Dialogue and diplomacy must be the priorities to confront Russia, tensions and threats are a dangerous game that must remain in the past

By Branco Marcetic, Jacobin

A little over thirty years after the end of the Cold War, it seems we’re right back where we started. Over the past few weeks, tensions between Russia and the United States have reached their closest point to hostilities in a generation, after Moscow amassed troops at the Ukrainian border, prompting fears of an impending Russian invasion.

It’s not clear what happens next. President Joe Biden is threatening severe sanctions and possibly supplying anti-Russian insurgents in case of such a scenario, but has so far held back on sending military aid to Ukraine and ruled out sending US troops. Still, the presence of American soldiers in the country makes the situation combustible, and threatens to lead to wider conflict should a Russian attack come.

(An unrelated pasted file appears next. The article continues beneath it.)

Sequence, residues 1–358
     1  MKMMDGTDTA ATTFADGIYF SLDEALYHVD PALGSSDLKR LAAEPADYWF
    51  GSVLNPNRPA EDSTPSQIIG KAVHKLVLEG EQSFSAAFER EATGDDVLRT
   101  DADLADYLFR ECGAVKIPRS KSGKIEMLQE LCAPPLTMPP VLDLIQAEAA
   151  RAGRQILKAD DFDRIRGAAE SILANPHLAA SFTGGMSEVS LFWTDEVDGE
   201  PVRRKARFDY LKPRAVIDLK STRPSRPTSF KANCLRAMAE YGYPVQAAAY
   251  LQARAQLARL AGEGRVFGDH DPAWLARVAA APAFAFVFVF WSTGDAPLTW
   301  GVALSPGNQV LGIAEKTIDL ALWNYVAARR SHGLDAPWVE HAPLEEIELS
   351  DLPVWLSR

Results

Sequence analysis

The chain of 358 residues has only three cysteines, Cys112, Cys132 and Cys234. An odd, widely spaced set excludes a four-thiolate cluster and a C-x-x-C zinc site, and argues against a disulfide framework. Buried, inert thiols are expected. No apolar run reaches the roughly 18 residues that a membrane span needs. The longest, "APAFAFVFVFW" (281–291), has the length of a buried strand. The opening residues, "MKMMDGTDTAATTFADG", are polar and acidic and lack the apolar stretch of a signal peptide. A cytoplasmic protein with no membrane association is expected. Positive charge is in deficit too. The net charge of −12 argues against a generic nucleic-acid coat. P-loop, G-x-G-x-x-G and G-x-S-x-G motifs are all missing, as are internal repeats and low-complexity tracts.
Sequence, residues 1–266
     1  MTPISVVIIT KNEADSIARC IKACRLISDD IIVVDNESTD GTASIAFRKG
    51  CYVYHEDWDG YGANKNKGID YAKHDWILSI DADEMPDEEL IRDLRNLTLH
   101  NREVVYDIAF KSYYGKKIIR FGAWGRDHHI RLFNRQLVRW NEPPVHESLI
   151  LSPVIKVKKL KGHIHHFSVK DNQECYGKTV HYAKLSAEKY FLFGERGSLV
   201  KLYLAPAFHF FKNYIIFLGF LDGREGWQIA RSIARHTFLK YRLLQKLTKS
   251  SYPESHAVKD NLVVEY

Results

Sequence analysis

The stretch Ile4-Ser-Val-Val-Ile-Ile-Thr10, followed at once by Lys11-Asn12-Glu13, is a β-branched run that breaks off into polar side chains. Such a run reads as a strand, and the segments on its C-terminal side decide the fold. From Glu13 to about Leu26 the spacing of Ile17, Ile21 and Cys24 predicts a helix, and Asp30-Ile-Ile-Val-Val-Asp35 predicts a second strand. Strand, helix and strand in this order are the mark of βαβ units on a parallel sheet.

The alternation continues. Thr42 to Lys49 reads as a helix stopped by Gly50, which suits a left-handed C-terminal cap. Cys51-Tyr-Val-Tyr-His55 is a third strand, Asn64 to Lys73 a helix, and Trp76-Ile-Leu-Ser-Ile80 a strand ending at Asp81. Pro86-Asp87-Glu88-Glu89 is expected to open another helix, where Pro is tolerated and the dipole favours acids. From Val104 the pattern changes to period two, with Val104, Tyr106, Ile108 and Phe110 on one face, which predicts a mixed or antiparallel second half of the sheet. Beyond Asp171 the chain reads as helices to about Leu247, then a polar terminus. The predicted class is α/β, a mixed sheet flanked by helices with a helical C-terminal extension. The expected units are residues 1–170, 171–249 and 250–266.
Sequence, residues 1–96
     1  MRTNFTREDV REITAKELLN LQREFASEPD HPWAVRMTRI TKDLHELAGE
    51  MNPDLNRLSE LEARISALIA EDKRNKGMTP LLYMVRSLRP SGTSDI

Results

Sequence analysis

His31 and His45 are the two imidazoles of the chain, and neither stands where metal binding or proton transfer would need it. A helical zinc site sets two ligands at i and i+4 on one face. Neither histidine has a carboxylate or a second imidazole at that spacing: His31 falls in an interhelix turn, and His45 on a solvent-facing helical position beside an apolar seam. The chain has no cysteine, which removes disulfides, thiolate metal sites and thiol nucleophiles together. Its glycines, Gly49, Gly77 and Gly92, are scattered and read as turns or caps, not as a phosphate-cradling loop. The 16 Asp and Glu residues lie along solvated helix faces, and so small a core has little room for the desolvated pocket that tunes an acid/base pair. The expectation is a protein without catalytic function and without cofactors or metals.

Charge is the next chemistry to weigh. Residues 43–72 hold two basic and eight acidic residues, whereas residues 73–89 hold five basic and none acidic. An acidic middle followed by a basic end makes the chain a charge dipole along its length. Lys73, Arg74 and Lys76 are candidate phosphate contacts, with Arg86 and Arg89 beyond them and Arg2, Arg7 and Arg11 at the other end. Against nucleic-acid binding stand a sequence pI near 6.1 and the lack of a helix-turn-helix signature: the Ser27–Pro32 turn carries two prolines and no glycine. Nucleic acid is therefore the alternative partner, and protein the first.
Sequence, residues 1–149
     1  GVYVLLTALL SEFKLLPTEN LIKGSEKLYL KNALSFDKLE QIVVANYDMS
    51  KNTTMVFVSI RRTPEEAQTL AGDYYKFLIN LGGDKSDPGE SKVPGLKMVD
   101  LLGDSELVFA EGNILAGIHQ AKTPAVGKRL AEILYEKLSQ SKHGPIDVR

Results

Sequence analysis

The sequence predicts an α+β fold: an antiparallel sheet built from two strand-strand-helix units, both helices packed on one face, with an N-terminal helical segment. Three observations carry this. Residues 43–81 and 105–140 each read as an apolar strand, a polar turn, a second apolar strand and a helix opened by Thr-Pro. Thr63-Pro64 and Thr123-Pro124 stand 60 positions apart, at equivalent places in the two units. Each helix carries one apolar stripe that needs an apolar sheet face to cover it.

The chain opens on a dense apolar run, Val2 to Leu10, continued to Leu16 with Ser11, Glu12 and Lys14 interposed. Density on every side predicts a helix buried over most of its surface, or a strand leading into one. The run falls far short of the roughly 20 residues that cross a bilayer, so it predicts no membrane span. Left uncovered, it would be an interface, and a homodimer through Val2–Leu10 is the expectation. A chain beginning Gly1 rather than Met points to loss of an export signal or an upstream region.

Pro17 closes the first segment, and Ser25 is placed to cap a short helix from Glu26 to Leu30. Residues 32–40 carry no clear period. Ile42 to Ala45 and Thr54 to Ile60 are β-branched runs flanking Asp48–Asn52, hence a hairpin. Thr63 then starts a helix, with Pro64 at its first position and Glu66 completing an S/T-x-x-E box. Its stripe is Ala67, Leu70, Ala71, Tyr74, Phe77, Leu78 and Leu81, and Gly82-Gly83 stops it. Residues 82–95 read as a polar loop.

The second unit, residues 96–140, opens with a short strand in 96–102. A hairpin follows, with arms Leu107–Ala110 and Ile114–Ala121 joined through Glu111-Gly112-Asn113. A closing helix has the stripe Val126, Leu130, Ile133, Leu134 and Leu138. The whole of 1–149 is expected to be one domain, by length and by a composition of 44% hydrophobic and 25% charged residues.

u.s. and russian tanks with flags pointing at each other

Already, voices are clamoring for war, warning that US “credibility” is on the line if Biden fails to deter Russian president Vladimir Putin, and we’re seeing the usual accusations of “appeasement,” complete with references to Neville Chamberlain and Munich as hawks push for a more aggressive US response. As the crisis continues unfolding, you’re going to hear a lot of the same things from the narrow spectrum of opinion allowed in the mainstream press and within the halls of Congress. What you won’t hear are these crucial points.

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